Funding source: S&T Postgraduate Education and Research Development Office(PERDO)
Principal investigator: Suppakorn Chinvanno
Researchers: Chalermrat Sangmanee , Jutatip Thanakitmetavut , Angkana Rawichutiwan, Panwad Wongthong
Timeframe: June 2009-July 2010
Period: 12 months
This project focused on:
The high resolution climate scenario reviewed and the Thailand climate change trend data presented in the study are based on both statistical and dynamic downscaling techniques under different IPCC greenhouse gas scenarios. The summary also provides a snapshot situation of future climate conditions in Thailand as predicted by a variety of GCMs. By having multiple GCMs we ensure to capture the uncertainty of the climate models.
The results of these analyses suggest that the future climate in Thailand and surrounding countries will get warmer, have a longer summertime, a shorter and warmer wintertime and a rainy season with higher intensity of rainfall resulting in higher annual total precipitation. These changes are unlikely to be irreversible and would have impact on various systems and sectors.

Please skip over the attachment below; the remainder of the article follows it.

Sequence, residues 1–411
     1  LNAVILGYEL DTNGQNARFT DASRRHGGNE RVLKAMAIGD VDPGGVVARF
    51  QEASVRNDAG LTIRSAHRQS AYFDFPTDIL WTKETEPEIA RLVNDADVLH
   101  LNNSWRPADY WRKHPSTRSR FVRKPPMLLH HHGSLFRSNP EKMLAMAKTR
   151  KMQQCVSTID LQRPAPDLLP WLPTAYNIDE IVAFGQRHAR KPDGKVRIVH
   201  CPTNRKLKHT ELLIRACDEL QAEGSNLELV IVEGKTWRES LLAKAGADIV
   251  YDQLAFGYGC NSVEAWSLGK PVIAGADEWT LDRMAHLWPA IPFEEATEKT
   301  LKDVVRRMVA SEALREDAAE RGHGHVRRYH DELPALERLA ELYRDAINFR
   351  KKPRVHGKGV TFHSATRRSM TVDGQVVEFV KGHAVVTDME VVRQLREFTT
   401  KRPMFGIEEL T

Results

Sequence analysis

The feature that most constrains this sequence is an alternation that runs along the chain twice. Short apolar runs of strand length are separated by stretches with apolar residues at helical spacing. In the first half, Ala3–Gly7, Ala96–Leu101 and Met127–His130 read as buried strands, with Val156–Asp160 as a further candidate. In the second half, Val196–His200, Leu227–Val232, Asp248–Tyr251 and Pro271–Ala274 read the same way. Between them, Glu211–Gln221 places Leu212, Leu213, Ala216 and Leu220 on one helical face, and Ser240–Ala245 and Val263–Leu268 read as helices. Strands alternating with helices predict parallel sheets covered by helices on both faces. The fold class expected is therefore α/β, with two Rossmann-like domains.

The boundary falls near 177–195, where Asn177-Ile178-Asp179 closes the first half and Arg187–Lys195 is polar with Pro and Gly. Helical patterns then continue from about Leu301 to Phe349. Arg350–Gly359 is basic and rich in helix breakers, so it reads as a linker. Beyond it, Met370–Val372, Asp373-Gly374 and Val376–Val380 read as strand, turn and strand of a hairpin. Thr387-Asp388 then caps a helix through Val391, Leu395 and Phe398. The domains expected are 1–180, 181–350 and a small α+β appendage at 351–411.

High resolution climate scenarios from long-term climate projections can be used to assess impact of climate change in various sectors as well as to support long term planning. However, a climate scenario is only a plausible future and cannot be taken as long-term forecast. There is certain degree of uncertainty in this method. One way to cope with the uncertainty of long-term climate projections is the use of multiple scenarios, which are developed using various climate models and/or under different conditions.
Climate Change Data Distribution System has been developed and opens for technical users, who need future climate data for their research purposes, to extract data and download via the internet. The system can be accessed at the following URL: http:cc.start.or.th
Geographic zones used in summarizing trend of climate change in Thailand
Sea level change
Change in cassava productivity under different climate conditions in the future (Pannangpetch, et al., 2009)